Nonverbal Power: Frederick Douglass
Whether the goal is a new job or a new public policy, advocates tend to focus on words and facts.  Here is a fact: If I ignore my nonverbal communication, then an important tool is sitting unused in my tool box. Or worse.
I’ll never forget the time I attended a public meeting on an issue I cared deeply about. As a very new advocate, I was excited to be there. That night I was watching the news and was horrified to see myself at the meeting with a look on my face that I could only describe as bored and bitter. Immediately I knew what had happened. I had been deep in thought. But no one else knew that. Only me.
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Frederick Douglass was a powerful nonverbal communicator. It is well-documented that he was the most photographed man of his time.  He was determined to use nonverbal communication to advocate against slavery, racism, and discrimination. He knew that photography gave him an opportunity to influence how people perceived people of color. That is why every picture of Frederick Douglass shows him well-dressed, solemn, and serious. He was aware and consistent, never wasting an opportunity.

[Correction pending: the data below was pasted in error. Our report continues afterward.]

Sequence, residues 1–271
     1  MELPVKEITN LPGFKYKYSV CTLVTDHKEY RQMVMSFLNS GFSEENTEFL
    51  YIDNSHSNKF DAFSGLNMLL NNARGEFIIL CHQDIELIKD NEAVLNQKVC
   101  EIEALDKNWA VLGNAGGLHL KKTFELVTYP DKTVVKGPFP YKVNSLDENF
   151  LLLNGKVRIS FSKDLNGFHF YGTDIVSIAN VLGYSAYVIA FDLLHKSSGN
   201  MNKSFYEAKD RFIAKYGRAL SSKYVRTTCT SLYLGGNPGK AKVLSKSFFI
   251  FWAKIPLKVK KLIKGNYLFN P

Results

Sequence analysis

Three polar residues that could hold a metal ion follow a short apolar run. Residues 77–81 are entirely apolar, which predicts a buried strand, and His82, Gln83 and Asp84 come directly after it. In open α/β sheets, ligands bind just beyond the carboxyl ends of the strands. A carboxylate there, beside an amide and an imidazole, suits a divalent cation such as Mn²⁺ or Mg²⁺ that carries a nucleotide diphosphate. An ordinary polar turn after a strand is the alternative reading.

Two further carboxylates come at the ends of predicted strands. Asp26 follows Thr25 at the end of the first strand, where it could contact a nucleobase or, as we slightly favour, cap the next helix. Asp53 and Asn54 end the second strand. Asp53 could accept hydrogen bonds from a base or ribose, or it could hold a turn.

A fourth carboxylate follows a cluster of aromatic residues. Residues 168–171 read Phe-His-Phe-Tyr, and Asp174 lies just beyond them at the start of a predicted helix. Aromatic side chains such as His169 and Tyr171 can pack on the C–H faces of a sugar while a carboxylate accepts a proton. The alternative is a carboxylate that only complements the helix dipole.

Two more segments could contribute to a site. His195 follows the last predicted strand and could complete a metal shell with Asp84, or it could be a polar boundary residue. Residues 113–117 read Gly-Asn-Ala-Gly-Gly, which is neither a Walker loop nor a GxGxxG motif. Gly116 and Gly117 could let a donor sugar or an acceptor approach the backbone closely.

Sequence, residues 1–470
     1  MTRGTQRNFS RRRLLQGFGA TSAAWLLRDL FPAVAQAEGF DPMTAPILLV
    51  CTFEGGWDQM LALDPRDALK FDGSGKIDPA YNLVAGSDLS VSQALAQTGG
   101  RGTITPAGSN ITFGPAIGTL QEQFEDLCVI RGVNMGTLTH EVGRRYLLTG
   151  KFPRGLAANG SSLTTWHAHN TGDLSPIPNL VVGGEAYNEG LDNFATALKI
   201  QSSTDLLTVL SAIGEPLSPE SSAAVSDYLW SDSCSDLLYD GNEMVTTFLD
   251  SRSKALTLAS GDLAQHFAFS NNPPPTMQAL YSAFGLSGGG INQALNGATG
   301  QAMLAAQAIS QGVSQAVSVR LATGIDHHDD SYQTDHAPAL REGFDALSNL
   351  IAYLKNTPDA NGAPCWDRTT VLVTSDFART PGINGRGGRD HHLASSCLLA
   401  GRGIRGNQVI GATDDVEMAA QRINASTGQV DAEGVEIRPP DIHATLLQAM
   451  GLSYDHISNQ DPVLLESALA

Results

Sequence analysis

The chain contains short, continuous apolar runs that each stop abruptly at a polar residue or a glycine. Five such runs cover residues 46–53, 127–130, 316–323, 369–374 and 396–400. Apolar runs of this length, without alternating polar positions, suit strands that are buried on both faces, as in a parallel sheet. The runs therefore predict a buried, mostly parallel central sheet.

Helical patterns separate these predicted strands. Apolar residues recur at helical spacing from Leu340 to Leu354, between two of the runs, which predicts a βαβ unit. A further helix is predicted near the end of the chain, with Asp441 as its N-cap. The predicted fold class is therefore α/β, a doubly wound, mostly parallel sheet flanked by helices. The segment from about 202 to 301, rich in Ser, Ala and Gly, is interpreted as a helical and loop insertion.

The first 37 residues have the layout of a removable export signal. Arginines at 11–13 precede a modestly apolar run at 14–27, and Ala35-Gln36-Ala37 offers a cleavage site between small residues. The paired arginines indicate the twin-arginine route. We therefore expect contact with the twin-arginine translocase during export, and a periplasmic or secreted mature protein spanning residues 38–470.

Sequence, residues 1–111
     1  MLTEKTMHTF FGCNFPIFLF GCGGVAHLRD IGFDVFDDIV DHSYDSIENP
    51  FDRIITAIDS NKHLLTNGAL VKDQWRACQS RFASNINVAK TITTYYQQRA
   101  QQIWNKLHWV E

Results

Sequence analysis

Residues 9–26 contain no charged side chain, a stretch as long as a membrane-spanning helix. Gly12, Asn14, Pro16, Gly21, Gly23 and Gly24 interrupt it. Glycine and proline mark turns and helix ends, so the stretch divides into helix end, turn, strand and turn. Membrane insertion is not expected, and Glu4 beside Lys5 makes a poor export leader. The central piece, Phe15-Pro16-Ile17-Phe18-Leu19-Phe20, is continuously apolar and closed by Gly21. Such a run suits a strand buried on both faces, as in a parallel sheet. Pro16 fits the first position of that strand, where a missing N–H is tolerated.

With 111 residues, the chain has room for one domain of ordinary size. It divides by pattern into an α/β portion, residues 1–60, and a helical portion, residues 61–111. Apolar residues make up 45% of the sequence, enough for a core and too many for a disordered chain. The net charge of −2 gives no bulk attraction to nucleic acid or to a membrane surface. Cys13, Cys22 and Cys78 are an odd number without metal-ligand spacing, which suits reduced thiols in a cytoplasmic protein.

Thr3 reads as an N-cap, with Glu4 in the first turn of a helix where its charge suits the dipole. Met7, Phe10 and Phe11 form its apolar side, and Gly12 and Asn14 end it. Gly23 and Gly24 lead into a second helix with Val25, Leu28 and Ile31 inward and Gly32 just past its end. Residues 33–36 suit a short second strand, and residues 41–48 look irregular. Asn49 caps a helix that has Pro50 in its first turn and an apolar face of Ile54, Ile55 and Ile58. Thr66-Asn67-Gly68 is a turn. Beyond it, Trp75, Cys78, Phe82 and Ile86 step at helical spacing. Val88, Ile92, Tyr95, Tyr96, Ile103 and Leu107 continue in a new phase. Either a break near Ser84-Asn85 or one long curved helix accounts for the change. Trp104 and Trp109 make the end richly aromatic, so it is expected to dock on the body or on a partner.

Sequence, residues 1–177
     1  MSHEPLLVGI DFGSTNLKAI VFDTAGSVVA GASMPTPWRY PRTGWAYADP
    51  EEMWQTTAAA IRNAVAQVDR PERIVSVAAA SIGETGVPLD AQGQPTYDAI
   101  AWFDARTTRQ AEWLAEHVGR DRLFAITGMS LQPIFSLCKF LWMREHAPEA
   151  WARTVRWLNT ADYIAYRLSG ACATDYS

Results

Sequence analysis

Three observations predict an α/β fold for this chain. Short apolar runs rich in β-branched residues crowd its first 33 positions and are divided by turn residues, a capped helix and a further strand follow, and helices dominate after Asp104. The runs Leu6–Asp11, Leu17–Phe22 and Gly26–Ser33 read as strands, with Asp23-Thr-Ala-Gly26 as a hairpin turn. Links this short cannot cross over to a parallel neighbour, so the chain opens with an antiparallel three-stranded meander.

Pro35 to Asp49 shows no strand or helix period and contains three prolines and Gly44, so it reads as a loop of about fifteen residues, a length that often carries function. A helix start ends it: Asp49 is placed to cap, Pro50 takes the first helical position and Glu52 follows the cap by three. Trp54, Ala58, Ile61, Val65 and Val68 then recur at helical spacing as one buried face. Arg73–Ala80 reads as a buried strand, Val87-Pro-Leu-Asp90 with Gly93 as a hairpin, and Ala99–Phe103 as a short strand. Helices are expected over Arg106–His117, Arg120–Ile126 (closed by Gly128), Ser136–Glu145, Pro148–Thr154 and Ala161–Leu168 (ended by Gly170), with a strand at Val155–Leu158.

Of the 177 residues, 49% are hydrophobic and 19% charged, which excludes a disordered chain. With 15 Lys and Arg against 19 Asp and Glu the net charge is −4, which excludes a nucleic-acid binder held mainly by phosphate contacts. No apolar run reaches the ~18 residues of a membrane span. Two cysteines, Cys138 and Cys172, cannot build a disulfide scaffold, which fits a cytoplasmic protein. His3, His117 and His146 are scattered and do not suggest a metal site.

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To me, his eyes are amazing. His clear-eyed stare engages the viewer, insisting upon respect for the strength, potential, wisdom, and humanity, not only within him, but within oppressed people everywhere. So that’s what I’m focusing on in my own life: What are my eyes saying to other people? Do I make eye contact with others around the work table? Do my eyes light up when my family members walk into the room?
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The takeaway: Nonverbal communication is powerful, whether we are intentional about it or not. It pays to be intentional.
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Do you pay attention to your nonverbal communication?
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How can you better utilize nonverbal communication in your advocacy?

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